Friday, May 31, 1963

In this letter, Chaplain Smylie requests for Dr. King to preach at Occidental College. Smylie states, "We would be honored to have you or one of your representatives at Occidental."

Discrimination in Operations of Interstate Motor Carriers of Passenger

Wednesday, December 20, 1961

Harold McCoy, Secretary of the United States Interstate Commerce Commission, proposes that passenger tickets should include a non-discrimination notice.

Anonymous Letter to MLK

An anonymous author instructs Dr. King on how he should prepare his people for the end of the world.

Letter from MLK to Reverend and Mrs. Sargent

Monday, November 15, 1965

Dr. King expresses his gratification for the courtesies of Reverend and Mrs. Sargent during his recent visit to Paris. He also updates the couple regarding the planned SCLC fundraiser expected to take place in France.

Women's Response to the Rising Tide of Violence

Monday, February 21, 1966

Women's Response to the Rising Tide of Violence was a two day day conference in Philadelphia. The women who gathered agreed that violence was not a spontaneous action, but something that grows out of the environment. The way to combat such violence it enforce positive action with long-term solutions through social, economic, and political programs.

Man

Dr. King writes about man, as discussed in the Old Testament passages, Hosea 10: 13 and 14.

A Background Paper for the Delaware Conference on Equal Opportunity in Housing

Friday, December 2, 1966

This paper is intended to catalyze discussion at the Delaware Conference on Equal Opportunity in Housing. By providing facts and analysis pertaining to Wilmington and surrounding areas, the paper is written to help familiarize attendees of the housing situation in Delaware. A key goal is to educate on the racial disparity and deterioration of urban areas. "The national housing objective is to provide decent, safe, and sanitary housing to all people" and this document encourages the execution of developed solutions.

Letter from MLK to Mr. Jack H. O'Dell

Wednesday, July 3, 1963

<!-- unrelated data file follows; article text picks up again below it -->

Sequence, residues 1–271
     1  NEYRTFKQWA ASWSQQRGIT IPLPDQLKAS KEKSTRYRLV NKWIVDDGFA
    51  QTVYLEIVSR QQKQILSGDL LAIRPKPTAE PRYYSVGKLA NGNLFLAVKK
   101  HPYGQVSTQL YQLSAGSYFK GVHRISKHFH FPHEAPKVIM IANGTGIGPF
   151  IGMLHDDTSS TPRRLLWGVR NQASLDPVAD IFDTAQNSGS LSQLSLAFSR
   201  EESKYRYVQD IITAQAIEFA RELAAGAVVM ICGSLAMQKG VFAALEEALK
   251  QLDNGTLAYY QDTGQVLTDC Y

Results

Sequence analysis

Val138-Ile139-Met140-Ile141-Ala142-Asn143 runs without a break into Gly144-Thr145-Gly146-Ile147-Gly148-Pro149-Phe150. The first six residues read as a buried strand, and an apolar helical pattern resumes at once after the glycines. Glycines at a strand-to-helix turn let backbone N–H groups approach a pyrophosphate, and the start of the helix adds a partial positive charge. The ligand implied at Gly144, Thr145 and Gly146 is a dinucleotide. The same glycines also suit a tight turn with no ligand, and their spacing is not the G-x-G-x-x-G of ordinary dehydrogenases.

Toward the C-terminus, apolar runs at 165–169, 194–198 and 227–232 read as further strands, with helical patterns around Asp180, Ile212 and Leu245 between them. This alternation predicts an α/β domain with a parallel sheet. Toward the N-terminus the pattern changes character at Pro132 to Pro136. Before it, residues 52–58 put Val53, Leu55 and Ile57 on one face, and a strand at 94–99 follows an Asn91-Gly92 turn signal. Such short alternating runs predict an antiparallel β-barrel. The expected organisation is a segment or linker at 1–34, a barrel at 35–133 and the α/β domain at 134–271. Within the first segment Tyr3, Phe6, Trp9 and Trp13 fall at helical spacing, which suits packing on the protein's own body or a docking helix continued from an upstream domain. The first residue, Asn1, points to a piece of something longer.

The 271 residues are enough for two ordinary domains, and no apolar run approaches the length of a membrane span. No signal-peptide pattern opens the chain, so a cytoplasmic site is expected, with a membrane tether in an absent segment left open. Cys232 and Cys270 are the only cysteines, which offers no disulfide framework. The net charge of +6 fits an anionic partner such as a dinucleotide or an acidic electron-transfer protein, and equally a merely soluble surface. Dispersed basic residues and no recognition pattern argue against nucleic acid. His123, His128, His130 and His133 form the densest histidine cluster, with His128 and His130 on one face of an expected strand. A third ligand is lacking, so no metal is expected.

In response to recent allegations, Dr. King and members of the SCLC Administrative Committee conduct a formal investigation on Mr. O'Dell's reported association with Communist affiliates. Dr. King regrettably informs him that due to this speculation, despite lack of concrete results, he must permanently resign from his position with the SCLC's New York office.

Telegram from C. Dolores Tucker to MLK and Others

Friday, November 3, 1967

C. Dolores Tucker offers some words of encouragement to Dr. King and Rev. Wyatt Walker during their incarceration in the Birmingham City Jail.

Letter from Mrs. R. E. Rufenacht to MLK

Saturday, February 24, 1968

Mrs. Rufenacht thanks Dr. King for his support of white workers who requested his help. She also encloses a contribution for the work of the SCLC.

Letter from Clarence Henry to Robert F. Kennedy

Friday, February 2, 1962

Clarence Henry requests the immediate surveillance of Fred Shuttleworth's home by Kennedy's office in lieu of Reverend Fred Shuttlesworth's arrest.

Nobel Peace Prize Lecture

Friday, December 11, 1964

In this lecture delivered the day after he received the Nobel Peace Prize, Dr. King describes the major evils of the world as racial injustice, poverty and war. He presents a vision of a World House in which people learn to transcend differences in race, culture, ideas and religion and learn to live together in peace.

Nobel Peace Prize Lecture

Friday, December 11, 1964

This is a handwritten draft of the Nobel lecture. Dr. King delivered this lecture at the University of Oslo on December 11, 1964, the day after receiving the Peace Prize. Aware of the prestigious nature of the award and the global recognition it brought to the nonviolent struggle for racial justice in the US, King worked nearly a month on his address. He goes beyond his dream for America and articulates a vision of a World House in which a family of different races, religions, ideas, cultures and interests must learn to live together as brothers or perish together as fools.